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  • 1.
    Giacomello, Giampiero
    et al.
    University of Bologna, Italy.
    Eriksson, Johan
    Södertörn University, School of Social Sciences, Political Science.
    Rise of the Nerd: Knowledge, Power and International Relations in a Digital World2023In: Digital International Relations: Technology, Agency and Order / [ed] Corneliu Bjola; Markus Kornprobst, London: Routledge, 2023Chapter in book (Refereed)
    Abstract [en]

    This chapter addresses the rise of the ‘computer nerd’ – a powerful yet under-researched actor in International Relations (IR). Software programmers, algorithm writers, Artificial Intelligence (AI) designers, digital network engineers, computer system administrators and other ‘computer nerds’ have tremendous power in the global information society. These types of experts and epistemic communities design, build, develop, monitor, augment and analyse computer networks, algorithms and ‘Big Data’ upon which contemporary politics, civil society and economies depend. We contend that the computer nerd stereotype – variously anchored to some degree in empirics, reputation and celebration as stereotypes typically are – has significant power in shaping global information society, something which begs scrutiny of this type of actor in IR. The type of expert power maintained by computer nerds is primarily of a system-shaping rather than relational kind. This system-shaping power consists of three subsets of nerd power: ‘design power’ that shapes the digital platforms and applications used by individuals and organisations; ‘connecting power’ that shapes the networks which allow real-time communication and digitalisation of infrastructure; and ‘analytical power’ which controls and produces knowledge of the digital world, including the increasing use of ‘Big Data’.

  • 2.
    Giacomello, Giampiero
    et al.
    University of Bologna, Italy.
    Eriksson, Johan
    Södertörn University, School of Social Sciences, Political Science.
    Giumelli, Francesco
    University of Groningen, Netherlands.
    Sources of strength: the European defence industry in a disorderly world2023In: Defence Studies, ISSN 1470-2436, E-ISSN 1743-9698, Vol. 23, no 4, p. 527-530Article in journal (Other (popular science, discussion, etc.))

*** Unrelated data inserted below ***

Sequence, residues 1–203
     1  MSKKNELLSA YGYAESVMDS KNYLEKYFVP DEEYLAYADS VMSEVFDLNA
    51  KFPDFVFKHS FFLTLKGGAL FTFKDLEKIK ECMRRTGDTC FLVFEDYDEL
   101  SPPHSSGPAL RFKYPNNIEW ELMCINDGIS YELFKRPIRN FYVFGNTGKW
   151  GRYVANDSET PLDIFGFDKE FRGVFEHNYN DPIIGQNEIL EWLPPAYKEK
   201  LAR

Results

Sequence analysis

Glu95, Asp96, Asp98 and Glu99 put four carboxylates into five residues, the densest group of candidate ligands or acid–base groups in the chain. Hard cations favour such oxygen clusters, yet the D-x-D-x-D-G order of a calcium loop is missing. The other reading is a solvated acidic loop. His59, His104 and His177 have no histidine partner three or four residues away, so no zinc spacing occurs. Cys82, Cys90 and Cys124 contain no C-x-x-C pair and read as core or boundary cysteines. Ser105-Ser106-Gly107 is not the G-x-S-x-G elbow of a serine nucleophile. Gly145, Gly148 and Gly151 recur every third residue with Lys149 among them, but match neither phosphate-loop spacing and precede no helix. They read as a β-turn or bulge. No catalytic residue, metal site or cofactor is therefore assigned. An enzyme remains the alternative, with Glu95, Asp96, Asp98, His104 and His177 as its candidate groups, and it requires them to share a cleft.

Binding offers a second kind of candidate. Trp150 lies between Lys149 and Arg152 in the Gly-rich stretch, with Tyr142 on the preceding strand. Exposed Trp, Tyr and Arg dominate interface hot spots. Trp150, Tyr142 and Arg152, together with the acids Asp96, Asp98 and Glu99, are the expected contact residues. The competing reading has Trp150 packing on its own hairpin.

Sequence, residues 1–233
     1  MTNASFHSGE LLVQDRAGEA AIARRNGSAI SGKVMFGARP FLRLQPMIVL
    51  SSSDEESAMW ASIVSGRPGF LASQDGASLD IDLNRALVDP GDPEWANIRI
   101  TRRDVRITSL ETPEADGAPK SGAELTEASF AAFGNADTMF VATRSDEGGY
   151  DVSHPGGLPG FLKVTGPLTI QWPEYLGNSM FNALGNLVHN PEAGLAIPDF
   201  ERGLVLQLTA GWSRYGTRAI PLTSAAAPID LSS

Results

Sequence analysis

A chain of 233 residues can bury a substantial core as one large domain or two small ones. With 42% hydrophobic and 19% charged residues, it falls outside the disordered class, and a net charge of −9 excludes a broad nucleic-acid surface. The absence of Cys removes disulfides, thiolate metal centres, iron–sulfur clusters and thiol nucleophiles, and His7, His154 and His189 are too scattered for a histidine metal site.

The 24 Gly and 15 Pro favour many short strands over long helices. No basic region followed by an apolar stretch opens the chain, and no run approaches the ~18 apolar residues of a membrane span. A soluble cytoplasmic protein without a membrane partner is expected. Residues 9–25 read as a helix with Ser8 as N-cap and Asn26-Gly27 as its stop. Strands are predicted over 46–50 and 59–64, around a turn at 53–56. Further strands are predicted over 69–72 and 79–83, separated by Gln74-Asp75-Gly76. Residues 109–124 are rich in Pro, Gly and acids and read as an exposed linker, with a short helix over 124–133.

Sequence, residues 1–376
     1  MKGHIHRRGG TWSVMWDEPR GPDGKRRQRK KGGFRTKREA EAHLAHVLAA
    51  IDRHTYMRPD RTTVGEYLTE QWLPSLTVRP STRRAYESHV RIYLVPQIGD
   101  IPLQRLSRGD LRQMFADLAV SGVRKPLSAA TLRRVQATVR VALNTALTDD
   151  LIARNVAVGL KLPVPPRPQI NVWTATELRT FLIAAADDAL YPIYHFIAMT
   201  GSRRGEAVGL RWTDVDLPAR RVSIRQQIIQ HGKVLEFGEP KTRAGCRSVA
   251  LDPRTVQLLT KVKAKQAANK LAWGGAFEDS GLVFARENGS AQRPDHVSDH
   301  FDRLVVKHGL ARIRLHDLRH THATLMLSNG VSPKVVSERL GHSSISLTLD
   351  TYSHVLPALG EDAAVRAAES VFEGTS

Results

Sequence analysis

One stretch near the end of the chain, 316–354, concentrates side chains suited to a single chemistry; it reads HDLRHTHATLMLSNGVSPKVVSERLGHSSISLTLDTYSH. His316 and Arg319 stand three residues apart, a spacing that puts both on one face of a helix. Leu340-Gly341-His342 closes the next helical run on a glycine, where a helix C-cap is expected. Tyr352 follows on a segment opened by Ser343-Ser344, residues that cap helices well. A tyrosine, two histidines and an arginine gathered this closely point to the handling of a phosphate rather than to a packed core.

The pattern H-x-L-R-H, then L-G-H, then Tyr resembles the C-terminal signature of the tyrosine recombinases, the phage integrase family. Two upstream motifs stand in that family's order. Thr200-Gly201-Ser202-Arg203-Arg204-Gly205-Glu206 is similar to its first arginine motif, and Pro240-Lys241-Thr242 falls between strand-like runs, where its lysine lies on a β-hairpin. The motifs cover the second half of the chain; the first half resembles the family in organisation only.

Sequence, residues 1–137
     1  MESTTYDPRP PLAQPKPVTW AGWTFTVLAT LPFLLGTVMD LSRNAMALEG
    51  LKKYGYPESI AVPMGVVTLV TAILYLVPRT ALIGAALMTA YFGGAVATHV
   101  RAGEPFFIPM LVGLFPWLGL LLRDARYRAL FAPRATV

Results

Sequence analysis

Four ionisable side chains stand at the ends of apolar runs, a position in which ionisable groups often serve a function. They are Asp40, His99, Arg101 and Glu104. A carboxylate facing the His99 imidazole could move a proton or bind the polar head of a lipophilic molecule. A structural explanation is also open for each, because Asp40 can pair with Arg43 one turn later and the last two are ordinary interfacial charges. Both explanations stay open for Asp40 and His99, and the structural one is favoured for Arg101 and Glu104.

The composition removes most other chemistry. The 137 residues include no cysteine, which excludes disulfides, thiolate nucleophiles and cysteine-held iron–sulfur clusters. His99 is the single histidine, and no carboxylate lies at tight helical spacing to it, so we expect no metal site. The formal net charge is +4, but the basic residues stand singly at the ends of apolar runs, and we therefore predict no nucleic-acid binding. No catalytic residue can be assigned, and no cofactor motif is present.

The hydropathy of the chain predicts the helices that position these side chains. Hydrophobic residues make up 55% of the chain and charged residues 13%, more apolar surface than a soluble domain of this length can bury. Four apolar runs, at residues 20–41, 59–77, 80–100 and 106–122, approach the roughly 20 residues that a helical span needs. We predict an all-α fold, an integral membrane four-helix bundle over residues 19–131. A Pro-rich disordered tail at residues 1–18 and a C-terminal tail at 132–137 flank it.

• 3.
    Newlove-Eriksson, Lindy
    et al.
    Royal Institute of Technology / Swedish Defence University.
    Giacomello, Giampiero
    University of Bologna, Bologna, Italy.
    Eriksson, Johan
    Södertörn University, School of Social Sciences, Political Science.
    The Invisible Hand? Critical Information Infrastructures, Commercialisation and National Security2018In: The International Spectator: Italian Journal of International Affairs, ISSN 0393-2729, E-ISSN 1751-9721, Vol. 53, no 2, p. 124-140Article in journal (Refereed)
    Abstract [en]

    Corporatisation of critical information infrastructure (CII) is rooted in the ‘privatisation wave’ of the 1980s-90s, when ground was laid for outsourcing public utilities. Despite well-known risks relating to reliability, resilience, and accountability, commitment to efficiency imperatives have driven governments to outsource key public services and infrastructures. A recent illustrative case with enormous implications is the 2017 Swedish ICT scandal, where outsourcing of CII caused major security breaches. With the transfer of the Swedish Transport Agency’s ICT system to IBM and subcontractors, classified data and protected identities were made accessible to non-vetted foreign private employees – the sensitive data could thus now be anywhere. This case clearly demonstrates accountability gaps that can arise in public-private governance of CII.

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